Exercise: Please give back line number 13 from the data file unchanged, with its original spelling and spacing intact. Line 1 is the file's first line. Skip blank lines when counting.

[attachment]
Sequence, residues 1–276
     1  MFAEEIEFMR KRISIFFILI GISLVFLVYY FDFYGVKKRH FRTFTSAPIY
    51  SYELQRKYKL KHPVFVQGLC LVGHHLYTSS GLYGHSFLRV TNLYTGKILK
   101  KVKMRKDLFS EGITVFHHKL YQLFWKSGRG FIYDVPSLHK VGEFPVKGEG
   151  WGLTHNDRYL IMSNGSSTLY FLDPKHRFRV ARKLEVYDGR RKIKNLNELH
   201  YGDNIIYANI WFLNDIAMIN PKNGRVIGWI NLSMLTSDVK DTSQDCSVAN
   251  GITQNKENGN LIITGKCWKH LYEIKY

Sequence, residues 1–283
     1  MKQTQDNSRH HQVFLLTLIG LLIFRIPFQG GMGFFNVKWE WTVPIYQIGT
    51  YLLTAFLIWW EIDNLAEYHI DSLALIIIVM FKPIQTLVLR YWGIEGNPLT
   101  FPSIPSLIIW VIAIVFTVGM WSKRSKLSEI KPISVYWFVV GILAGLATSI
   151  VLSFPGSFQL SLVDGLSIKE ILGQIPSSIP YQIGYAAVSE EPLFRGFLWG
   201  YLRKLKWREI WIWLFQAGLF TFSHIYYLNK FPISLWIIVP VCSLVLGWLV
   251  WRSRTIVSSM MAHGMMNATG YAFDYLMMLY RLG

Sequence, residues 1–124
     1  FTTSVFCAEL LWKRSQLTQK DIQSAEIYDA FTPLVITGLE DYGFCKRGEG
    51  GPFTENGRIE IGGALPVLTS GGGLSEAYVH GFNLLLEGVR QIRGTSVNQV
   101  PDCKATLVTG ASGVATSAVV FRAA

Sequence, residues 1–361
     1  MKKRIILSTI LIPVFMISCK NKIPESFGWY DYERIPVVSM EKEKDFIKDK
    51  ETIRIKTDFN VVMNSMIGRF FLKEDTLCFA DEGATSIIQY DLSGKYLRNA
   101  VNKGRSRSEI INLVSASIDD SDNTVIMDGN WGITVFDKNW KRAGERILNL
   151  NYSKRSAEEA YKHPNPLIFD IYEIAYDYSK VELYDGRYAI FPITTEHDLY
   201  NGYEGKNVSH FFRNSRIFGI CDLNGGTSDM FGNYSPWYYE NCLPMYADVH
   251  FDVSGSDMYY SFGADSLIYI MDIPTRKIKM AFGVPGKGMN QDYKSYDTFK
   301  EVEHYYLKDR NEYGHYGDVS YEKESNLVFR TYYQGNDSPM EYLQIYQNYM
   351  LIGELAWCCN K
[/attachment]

   201  YLRKLKWREI WIWLFQAGLF TFSHIYYLNK FPISLWIIVP VCSLVLGWLV